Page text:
Fort Lauderdale
If the Greater Fort Lauderdale region’s annual 3,000 hours of sunshine, average year-round temperature of 75.5 degrees, 165 miles of scenic inland waterways and 24 miles of golden shores aren’t attractive enough, a stay at Lago Mar Beach Resort & Club ought to seal the deal. The resort is no stranger to glowing write-ups in travel magazines of all kinds, and it’s no wonder: The sophisticated retreat is obsessed with extending world-class hospitality and appointments, and its rooms’ mix of Mediterranean chic and Key West chill make staying inside almost as scenic and inviting as its sprawling beachfront property.

Whether you’re an avid underwater explorer or prefer to discover what lies below the water’s surface from the safety of terra firma, you’ll find that a trip to the History of Diving Museum always goes over swimmingly. Executive Director Lisa Mongelia reports that the recent first day of the current featured exhibit, a celebration of the life that thrives where the water meets the land in Our Dive Into Art: Edge of the Sea, made for a wildly well-attended opening—and one that also features artworks from 11 Monroe County schools’ budding artists.

Key West
Key West Botanical Gardens, home to the contiguous country’s lone frost-free tropical forest, is a can’t-miss showstopper that’s been dazzling visitors for 87 years with flora and fauna not found anywhere else. While you can enjoy the Cactus Barron, Cuban Chug and Cuban Palm exhibits all year long, spring-break gardens-goers will be treated to Key West Art in the Garden, which is only open from April through July. While you’re in the continental U.S.’s southernmost city, be sure to snap an obligatory selfie with the iconic anchored buoy colorfully marking the geographic point of interest.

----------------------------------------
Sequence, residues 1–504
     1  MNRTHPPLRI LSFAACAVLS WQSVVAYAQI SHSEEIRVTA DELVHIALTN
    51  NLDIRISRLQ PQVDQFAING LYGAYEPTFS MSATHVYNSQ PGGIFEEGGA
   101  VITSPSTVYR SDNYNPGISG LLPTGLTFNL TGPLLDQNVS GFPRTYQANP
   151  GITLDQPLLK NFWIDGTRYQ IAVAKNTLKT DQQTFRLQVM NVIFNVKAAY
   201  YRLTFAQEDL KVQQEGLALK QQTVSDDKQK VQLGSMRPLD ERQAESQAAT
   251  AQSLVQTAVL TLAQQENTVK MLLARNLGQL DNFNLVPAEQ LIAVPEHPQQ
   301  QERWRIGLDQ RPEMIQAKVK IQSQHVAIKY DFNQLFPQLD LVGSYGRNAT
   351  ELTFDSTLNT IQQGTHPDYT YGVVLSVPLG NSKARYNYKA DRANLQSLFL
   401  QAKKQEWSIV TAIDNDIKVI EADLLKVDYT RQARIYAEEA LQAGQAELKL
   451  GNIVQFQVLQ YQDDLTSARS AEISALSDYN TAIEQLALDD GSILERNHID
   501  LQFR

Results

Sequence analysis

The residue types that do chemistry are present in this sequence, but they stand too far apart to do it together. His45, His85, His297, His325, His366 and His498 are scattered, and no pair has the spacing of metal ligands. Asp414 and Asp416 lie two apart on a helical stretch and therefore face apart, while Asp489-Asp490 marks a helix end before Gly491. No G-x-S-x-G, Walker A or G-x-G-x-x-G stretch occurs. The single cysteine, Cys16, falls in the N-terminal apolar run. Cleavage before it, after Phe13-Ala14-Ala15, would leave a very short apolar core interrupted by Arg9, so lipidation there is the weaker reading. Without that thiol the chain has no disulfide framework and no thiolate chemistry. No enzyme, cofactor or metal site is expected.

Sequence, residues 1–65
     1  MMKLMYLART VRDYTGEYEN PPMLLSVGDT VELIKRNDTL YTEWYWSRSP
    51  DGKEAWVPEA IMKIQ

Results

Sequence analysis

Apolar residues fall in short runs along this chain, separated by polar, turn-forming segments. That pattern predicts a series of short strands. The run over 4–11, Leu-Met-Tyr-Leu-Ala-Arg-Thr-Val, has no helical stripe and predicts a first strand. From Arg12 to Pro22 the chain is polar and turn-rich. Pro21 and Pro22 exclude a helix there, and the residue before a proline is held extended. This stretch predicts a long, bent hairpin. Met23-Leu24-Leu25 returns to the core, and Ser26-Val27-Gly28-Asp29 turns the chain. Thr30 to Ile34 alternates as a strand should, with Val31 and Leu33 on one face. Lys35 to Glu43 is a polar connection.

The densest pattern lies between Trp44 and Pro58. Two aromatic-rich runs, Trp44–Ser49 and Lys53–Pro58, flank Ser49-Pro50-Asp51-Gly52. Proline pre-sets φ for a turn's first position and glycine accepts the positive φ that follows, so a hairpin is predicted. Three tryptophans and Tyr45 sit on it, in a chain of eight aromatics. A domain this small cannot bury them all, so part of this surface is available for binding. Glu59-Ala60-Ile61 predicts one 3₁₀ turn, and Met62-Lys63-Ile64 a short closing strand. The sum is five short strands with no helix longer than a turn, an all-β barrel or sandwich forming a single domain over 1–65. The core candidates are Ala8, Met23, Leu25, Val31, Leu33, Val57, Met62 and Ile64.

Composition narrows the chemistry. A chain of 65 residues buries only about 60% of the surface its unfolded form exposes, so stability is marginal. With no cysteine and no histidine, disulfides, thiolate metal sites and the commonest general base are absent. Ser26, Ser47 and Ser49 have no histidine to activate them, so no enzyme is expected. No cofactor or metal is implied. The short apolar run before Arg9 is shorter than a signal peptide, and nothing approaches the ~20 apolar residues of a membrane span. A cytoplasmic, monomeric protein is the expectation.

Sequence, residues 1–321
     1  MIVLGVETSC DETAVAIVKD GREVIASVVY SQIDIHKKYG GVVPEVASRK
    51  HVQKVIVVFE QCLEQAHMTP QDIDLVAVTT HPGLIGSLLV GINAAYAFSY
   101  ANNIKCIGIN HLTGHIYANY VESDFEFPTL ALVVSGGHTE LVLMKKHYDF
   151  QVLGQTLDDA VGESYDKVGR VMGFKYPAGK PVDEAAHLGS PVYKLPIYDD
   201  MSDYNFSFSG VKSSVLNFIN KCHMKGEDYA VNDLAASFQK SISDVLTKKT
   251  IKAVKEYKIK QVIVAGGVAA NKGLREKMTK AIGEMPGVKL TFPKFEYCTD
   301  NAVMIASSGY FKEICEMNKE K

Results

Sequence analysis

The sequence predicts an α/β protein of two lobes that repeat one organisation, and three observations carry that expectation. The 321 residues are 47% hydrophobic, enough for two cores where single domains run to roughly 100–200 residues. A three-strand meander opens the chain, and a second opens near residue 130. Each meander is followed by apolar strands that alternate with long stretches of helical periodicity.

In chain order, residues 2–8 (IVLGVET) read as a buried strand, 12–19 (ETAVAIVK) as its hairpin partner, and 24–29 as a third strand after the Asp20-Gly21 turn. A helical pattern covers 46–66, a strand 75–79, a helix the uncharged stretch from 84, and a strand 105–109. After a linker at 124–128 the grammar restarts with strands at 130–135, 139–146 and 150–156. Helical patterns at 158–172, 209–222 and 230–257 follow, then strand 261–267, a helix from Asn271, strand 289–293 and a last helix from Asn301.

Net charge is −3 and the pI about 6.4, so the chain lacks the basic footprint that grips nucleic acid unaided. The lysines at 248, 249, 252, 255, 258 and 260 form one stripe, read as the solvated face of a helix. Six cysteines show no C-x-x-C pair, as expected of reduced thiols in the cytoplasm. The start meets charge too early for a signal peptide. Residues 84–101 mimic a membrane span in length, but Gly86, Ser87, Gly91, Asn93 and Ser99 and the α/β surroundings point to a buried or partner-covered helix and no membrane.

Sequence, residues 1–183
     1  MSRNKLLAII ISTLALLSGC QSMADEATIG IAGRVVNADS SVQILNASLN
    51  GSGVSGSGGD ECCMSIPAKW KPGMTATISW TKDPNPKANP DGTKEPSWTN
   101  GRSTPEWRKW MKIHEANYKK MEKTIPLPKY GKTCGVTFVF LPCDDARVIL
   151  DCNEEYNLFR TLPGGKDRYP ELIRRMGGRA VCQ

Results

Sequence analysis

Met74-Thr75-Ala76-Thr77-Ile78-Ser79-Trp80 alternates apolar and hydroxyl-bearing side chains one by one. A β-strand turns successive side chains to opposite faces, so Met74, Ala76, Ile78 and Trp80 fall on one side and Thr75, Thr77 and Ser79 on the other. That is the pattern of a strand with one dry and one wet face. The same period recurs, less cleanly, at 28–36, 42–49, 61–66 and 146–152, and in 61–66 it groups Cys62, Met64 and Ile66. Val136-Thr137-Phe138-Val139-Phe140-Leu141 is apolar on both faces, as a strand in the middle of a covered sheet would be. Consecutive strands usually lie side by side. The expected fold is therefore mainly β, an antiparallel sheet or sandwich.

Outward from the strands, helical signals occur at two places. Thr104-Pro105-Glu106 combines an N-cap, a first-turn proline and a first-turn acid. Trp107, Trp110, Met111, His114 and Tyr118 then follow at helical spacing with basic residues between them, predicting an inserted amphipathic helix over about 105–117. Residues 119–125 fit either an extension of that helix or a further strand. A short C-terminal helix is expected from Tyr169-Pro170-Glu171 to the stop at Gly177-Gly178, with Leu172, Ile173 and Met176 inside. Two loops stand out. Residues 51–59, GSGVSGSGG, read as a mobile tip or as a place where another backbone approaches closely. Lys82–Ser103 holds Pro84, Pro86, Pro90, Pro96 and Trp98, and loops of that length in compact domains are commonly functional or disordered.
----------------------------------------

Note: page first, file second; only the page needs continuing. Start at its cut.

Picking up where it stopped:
Fort Jefferson Dry Tortugas

One of the state’s wealthiest cities is not surprisingly well-appointed with plenty of options for chic boutiques, high-end culture and world-class dining. But with the Everglades’ unique appeal nearby, the area attracts ecotourists, as well as those who want a picturesque spot for dolphin- and bird-watching before they take in a stunning gulf-coast sunset. Here you’ll also find plenty of family fun: Cambier Park is one of the most popular kid-friendly activities in town that’s perfect for preschoolers; the Bird Gardens of Naples lets little animal lovers meet some feathered friends up close; and the immersive, interactive Golisano Children’s Museum of Naples has little ones learning as they play.